Review Summary: The debut from Burzum delivers.6 of 6 thought this review was well written
Ever wondered what it is like to look into the mind of a lunatic? To stare right into the empty voids that are eyes and see what is going on inside their twisted minds? Although this is quite impossible to literally accomplish, some insight to what storm is raging inside their imaginations can be experienced through examination of artwork done by the person, in this case the omnipotent Count Grishnackh (born Kristian Vikernes on February 11, 1973), of Mayhem fame. His true artistic talent shines through in his solo project, Burzum. The self titled debut from Burzum provides a window of opportunity to study the tumalt that spins on inside of Varg Vikernes’s head.
From the opening droned stynthesizers of Feeble Screams From Forests Unknown
to the closing silence of Dungeons Of Darkness
, a listening unlike any other befalls the listener. Ambient interludes and fading melodies strung together in perfect form engage a feeling of inner peace, yet uneasyness is not far from the mix. Black Spell Of Destruction
drones on with fractured guitar riffs and driving drum beats. One thing that is almost absent from Burzum
is blastbeats. The usual pelting of skins that is thrown your way in Black Metal, is mysteriously missing from this record. The replacement: interesting and effective beats that keep the music held together. Ea, Lord Of The Depths
is a perfect example of a simple 4/4 beat with double timed bass hits that holds a song together like Gorilla Glue.
The moving ambience on this record is enticing. Songs entirly composed of haunting keys add a dark mood to the music. Channeling The Power Of Souls Into A New God
is an interlude that sets the mood for the entire album. Channeling synthes and daunting melodies darken an already aphotic listen. The Crying Orc
, another instrumental track invites fantastic melodies into the mix. The short, yet beautiful guitar scales keep the dark mood of the album to a maximum, while still wooing with their creative brilliance. My Journey To The Stars
is no different, with unheard of catchy riffs and pained shrieks that are put forth through 8 minutes of atmosphere and elegance.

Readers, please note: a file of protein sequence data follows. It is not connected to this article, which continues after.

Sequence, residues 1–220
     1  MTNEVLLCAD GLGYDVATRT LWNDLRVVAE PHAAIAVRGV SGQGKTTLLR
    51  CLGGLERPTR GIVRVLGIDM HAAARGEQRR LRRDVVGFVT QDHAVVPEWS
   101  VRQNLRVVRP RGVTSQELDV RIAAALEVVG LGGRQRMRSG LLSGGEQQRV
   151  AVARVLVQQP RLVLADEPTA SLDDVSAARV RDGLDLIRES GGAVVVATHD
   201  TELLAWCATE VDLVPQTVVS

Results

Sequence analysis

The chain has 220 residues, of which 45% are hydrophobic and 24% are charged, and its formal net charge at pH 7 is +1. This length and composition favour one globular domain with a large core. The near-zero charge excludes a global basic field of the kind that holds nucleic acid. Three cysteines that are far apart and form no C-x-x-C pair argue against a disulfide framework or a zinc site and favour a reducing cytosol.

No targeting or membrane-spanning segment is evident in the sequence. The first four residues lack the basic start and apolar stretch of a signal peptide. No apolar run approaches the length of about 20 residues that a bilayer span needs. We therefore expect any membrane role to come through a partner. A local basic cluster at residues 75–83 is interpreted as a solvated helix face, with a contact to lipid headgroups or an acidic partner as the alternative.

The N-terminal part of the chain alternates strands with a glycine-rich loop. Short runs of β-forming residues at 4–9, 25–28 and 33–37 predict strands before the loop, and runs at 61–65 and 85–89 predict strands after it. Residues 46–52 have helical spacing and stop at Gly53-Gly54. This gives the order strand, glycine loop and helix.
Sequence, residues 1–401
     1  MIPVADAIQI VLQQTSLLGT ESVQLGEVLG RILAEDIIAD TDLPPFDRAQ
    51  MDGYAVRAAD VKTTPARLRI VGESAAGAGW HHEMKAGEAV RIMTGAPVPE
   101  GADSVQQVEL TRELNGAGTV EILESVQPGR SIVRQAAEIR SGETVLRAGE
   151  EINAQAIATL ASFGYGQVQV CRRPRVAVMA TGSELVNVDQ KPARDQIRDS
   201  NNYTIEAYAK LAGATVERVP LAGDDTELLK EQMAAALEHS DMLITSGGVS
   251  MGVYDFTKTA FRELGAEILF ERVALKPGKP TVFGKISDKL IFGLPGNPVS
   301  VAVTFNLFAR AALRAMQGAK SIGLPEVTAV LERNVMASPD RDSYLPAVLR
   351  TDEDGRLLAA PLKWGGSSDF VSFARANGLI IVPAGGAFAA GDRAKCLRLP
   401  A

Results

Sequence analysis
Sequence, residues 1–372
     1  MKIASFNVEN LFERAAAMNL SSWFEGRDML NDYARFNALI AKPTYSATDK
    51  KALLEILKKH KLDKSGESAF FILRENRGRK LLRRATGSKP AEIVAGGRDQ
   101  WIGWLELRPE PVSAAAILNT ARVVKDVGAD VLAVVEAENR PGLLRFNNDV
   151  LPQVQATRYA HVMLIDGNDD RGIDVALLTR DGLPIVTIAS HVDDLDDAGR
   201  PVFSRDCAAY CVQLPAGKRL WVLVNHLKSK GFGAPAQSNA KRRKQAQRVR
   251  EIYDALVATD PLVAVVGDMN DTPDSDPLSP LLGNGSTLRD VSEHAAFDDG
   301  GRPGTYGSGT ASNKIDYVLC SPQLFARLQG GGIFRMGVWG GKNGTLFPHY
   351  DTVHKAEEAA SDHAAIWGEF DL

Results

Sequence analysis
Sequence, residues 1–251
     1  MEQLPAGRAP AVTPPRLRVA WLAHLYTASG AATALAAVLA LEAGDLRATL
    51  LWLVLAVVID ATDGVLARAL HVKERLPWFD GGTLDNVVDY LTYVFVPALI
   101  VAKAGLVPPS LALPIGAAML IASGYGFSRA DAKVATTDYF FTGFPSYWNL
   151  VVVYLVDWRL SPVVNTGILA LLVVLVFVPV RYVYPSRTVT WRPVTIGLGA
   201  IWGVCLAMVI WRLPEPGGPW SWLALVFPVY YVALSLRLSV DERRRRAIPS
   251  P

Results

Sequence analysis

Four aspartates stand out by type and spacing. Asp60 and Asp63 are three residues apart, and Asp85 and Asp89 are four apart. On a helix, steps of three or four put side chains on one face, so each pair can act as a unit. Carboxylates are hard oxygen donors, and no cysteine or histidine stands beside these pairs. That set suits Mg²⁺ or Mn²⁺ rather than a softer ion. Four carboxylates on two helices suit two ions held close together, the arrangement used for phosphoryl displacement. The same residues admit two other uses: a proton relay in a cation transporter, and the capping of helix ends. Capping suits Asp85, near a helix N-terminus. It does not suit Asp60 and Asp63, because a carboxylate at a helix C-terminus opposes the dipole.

, a blatant Bathory rip off, shows that an almost positive attitude can also be contributed to the music, without adding a cheesy or aggravating sound to a somber record. Once again, twisted howls portray a tortured edge to the music. These one of a kind vocals are some of my favorites in the Black Metal genre. The relatively thin tone to all the instruments actually does not hurt the sound of the album. It fits the music amazingly and in no way could be improved upon. In under producing the record, the raw sound does not sound forced. There was no need to record this album through a tape recorder to make up for a lack of raw sound. That raw sound was integrated into the music from square one. Evil just seems to come infused with Burzum
From start to finish, the extraordinary mind of Varg Vikernes was at work. The marvelous debut from a band that would shape the face of Black Metal for years to come continues to amaze casual fans to die hards, listen after listen. The originality was crafted with perfection, and Buzum will never be duplicated.
Musicianship is superb
Melodies are beautiful
Simple yet effective instruments don’t sound forced or overdone
Dungeons Of Darkness
while contributes to atmosphere, doesn’t do much else
Some song lengths might be hard for some listeners to cope with
My Journey To The Stars
Ea, Lord Of The Depths
Feeble Screams From Forests Unknown